It was absolutely horrendous to watch. It appalls me to the core to see and hear racism, anti-semitic behavior and a general lack of respect and dignity.


We must always question what type of community do we want to live and thrive in!


I believe it must be one of compassion, kindness, respect and love. These are the qualities we want to develop and admire - these must be embedded in all our actions and must be role-modelled to young people.


No one deserves to be treated poorly. No one. Not for their race, age, sexual orientation, ethnicity, religion or gender. None of it is ever okay!  I have no time for racism or bullying.


I read an impressive heartfelt essay from a Graduate of McKinnon, Maggie Zhou (Class of 2016), that I share with you!


Australia, this is not good enough.


Where there is fear, there is blame. While a virus sweeps around the world, another invisible sickness is infecting our community.


We’ve seen Donald Trump insist on calling COVID-19 the “Chinese virus”, endless verbal and physical abuse towards young Asian women in our streets and shopping centres, a student from Hong Kong punched in the face for wearing a mask in Hobart, multiple Asian family homes graffitied with abusive messages in Melbourne and Sydney, and many more instances of race-related abuse.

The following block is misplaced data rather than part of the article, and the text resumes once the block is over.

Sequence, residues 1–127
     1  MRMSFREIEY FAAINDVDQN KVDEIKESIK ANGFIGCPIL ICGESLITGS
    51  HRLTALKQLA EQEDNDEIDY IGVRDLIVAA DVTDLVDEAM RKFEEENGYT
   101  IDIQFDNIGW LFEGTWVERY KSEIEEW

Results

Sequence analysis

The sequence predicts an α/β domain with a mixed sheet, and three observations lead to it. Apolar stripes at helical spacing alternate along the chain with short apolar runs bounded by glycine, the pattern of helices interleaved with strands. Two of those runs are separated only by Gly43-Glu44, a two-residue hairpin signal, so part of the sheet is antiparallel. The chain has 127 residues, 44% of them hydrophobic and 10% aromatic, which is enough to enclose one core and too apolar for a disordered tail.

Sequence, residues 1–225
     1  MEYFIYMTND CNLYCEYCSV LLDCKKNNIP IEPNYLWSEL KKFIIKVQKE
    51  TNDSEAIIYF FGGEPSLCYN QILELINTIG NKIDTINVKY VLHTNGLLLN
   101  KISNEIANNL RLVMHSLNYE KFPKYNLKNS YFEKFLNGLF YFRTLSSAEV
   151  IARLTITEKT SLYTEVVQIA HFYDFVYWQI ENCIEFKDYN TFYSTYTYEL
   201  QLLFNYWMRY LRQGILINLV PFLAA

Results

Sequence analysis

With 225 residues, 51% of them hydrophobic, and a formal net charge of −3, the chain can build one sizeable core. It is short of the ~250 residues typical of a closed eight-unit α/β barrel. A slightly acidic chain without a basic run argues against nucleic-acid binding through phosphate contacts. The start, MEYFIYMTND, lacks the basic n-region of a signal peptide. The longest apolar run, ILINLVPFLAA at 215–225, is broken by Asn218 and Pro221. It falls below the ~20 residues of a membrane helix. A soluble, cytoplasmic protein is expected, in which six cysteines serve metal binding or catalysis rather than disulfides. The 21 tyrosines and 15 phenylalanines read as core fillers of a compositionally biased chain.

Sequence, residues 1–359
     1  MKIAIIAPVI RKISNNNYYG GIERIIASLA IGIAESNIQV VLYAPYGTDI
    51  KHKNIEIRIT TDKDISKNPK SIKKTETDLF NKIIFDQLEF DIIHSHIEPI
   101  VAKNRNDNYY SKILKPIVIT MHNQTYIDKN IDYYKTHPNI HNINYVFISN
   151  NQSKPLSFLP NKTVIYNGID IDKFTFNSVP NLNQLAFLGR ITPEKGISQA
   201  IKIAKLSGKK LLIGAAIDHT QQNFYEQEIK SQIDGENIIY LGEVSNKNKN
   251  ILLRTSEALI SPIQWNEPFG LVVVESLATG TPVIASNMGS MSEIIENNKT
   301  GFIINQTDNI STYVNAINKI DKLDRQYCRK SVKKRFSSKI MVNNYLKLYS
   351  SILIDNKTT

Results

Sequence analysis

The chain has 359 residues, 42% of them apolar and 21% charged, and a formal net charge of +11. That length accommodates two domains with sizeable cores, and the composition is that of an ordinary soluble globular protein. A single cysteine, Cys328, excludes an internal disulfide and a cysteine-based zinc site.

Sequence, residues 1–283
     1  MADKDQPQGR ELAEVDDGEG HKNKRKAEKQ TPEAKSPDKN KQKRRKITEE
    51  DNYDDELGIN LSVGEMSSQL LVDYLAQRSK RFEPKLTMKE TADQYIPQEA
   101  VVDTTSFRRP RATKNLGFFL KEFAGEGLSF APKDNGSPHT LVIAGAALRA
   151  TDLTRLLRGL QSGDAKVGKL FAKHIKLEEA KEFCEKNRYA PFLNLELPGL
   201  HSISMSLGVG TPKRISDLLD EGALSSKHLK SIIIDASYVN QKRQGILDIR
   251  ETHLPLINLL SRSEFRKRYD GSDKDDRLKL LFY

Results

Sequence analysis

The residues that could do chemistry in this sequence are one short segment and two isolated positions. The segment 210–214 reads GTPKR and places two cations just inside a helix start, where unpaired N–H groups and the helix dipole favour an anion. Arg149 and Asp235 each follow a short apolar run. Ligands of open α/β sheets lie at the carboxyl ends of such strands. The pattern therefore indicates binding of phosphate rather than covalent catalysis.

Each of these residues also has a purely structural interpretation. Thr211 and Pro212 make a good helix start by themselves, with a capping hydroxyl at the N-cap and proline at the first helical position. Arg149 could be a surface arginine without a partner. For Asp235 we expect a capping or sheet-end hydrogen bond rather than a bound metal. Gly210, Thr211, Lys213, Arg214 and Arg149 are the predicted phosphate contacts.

In its first two weeks in April, a reporting database for anti-Asian racism in Australia received over 170 responses.  I could continue to light this article up like a Christmas tree with more links to even more examples. I could tell you about the macroaggressions that haunt me and my friends daily. How people cough directly towards us, how they look at us with genuine fear in their eyes, or how my little sister who works in a bakery is subjected to snarky and menacing comments while she politely bags sourdough loaves.


Or how my government-approved daily walk is not a breath of fresh air, but an anxiety-fuelled, heart-thumping experience – something I endure rather than enjoy. I keep my eyes angled 45 degrees downwards, a fixed lift of the outer corners of my mouth in place; a subdued acknowledgement of my deference.  Ridiculously, I sometimes wear sunglasses to see if it disguises my Asianness.


This period is hard on all Australians, and that’s without the added heat of racism. But the daily abuse and resentment being hurled at us is undoing the work that so many Australian-born Chinese citizens have had to do to unlearn their internalized racism. When hatred is literally spat in your face, it’s hard to ignore.